Eli Lilly (LLY) is betting new oncology and diabetes drugs will propel its top line over the next few decades.
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The drug giant’s chief executive, John Lechleiter, said in an exclusive interview with FOX Business’s Maria Bartiromo on Friday that the Indianapolis-based company hopes to bring a number of late-stage diabetes drugs to the market soon.
Earlier this week, Lilly presented a series of diabetes data, including from drug candidates like empagliflozin and dulaglutide, at the 74th American Diabetes Association Scientific Sessions.
“Growth [over the next 5-10 years] is going to come from our diabetes business,” Lechleiter said on Opening Bell with Maria Bartiromo. “Type 2 diabetes unfortunately is a global epidemic.”
Cancer, immune deficiencies such as Lupus and Alzheimer's Disease are also expected to be main areas of focus for the drug behemoth in coming years.
Lilly said it was optimistic over the potential of its expanding oncology pipeline, as well as new autoimmune drugs currently in late-stage testing.
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Its Alzheimer’s antibody is currently in late-stage testing over whether it can slow down the progression of the disease, but results aren’t expected for at least another year.
Shares of Lilly were up 2.6% to $61.40 around noon ET on Friday, a new 10-year high. They have risen some 20% since the start of 2014.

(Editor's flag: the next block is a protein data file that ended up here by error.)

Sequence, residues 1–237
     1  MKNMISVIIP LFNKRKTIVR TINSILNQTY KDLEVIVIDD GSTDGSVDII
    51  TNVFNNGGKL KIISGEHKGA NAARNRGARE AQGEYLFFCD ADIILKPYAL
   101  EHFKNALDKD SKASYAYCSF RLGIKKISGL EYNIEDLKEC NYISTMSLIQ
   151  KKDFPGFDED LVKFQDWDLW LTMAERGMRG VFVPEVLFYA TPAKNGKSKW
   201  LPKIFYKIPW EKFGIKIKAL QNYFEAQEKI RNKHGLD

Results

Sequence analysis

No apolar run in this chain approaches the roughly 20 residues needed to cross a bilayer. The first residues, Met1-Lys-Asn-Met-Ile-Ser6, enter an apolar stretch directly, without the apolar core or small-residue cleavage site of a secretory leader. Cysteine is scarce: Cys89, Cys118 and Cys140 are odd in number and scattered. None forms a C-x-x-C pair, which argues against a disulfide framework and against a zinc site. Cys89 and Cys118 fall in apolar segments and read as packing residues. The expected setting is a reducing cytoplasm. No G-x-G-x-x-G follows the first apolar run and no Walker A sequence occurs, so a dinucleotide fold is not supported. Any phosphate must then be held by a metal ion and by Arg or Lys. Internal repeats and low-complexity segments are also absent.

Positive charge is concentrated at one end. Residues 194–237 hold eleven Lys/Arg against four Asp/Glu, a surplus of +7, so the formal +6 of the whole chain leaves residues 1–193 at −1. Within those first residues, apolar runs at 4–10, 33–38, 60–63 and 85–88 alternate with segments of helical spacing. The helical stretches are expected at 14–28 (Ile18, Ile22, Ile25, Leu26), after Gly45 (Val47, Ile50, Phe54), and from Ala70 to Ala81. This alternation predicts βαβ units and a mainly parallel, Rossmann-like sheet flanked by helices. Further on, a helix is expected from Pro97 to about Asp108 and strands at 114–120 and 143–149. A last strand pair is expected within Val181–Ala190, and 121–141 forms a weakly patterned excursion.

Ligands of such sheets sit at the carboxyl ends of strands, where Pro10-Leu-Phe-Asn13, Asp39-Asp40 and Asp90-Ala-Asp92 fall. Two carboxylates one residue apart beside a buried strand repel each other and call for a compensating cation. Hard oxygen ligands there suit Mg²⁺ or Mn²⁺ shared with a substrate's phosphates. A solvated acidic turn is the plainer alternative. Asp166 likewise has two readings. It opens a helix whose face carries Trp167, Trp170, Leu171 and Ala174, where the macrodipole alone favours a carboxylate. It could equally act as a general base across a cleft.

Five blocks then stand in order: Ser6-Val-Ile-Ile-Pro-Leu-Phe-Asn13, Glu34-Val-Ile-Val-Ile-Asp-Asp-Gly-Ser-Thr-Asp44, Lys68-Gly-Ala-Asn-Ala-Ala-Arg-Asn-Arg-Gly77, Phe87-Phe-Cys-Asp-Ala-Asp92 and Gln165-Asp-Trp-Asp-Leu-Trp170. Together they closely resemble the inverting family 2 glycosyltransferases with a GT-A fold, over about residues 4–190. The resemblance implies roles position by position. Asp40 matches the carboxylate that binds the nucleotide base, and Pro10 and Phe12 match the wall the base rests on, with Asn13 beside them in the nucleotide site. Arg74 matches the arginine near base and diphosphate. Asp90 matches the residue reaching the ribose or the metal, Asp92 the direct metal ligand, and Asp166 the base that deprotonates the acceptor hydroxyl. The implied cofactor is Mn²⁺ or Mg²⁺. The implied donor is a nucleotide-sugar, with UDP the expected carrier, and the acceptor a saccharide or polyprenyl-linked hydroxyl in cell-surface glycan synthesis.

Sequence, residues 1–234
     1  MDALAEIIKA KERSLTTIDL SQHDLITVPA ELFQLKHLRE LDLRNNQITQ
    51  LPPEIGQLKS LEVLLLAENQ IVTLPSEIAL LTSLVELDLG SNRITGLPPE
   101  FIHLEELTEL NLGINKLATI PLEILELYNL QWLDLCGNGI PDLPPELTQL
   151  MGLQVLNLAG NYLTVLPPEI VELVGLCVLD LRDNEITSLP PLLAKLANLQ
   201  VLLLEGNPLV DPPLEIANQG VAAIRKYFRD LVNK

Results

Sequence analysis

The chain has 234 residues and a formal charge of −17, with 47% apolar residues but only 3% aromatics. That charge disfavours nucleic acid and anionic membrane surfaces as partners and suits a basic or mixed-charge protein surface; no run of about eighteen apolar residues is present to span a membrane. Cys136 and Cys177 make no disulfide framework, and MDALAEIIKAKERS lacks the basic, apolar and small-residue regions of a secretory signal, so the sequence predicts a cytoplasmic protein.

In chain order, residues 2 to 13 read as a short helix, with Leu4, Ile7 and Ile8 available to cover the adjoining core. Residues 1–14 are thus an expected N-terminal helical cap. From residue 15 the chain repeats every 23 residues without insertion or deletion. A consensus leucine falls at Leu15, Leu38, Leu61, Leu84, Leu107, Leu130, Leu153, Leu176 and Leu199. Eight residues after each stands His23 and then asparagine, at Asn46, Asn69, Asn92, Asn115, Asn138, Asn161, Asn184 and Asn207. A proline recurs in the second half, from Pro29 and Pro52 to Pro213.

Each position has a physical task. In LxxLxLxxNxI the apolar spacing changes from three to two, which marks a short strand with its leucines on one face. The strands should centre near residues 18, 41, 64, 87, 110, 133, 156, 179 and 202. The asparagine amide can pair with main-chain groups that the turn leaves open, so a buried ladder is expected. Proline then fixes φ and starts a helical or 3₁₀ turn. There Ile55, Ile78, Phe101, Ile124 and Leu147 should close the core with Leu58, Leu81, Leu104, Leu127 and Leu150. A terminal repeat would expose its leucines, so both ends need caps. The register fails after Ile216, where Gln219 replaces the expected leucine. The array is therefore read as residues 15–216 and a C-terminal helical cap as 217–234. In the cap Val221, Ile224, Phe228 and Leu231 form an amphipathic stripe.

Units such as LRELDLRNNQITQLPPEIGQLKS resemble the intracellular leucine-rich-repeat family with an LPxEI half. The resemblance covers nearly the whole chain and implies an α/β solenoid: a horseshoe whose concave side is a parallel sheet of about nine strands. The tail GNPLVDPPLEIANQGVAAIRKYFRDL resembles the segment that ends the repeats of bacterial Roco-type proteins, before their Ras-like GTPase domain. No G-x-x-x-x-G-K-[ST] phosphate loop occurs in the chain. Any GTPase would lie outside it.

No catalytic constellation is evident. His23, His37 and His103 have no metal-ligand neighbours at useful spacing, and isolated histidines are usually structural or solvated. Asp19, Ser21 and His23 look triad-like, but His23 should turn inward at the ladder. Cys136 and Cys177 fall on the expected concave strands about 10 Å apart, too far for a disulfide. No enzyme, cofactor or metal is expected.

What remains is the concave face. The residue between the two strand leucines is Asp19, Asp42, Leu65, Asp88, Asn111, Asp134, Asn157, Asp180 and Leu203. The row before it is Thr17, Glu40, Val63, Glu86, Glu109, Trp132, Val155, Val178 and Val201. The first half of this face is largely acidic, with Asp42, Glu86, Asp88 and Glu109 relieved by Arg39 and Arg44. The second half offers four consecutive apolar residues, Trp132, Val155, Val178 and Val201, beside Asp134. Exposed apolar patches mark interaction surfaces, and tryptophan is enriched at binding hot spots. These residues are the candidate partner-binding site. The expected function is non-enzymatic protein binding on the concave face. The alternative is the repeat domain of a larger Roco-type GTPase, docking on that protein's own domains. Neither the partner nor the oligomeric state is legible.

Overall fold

Also during the interview, Lechleiter defended the company’s $5.4 billion purchase of Novartis’ animal health business, announced in April of this year, and said Lilly continues to believe it paid a “fair price.”
“We’ve been the fastest growing company in the [animal health space] for the last several years, but we really felt we needed to get to the top tier to compete globally,” he said. “I am very confident that this will prove to be a very good acquisition for our company.”
Lilly’s Elanco animal health business has historically comprised 5% to 6% of total sales, but Lechleiter says that number could be as high as 20% by the end of the decade. He also said the business doesn’t tend to suffer so-called patent cliffs that have weighed heavily on the pharma business as a whole.
As for the heating up M&A activity in health care – including the massive $118 billion bid by Pfizer (PFE) for AstraZeneca (AZN) – Lechleiter said the company is “not interested” in large-scale combinations, but would consider smaller, strategic deals.
“We would consider M&A if it helped strengthen our presence in a key area or our geographic presence,” he said. However, he says there is “no evidence that large-scale M&As have produced sustained value.”
Pfizer dropped its bid for AstraZeneca late in May after its sweetened offer was rebuffed by the British drug giant.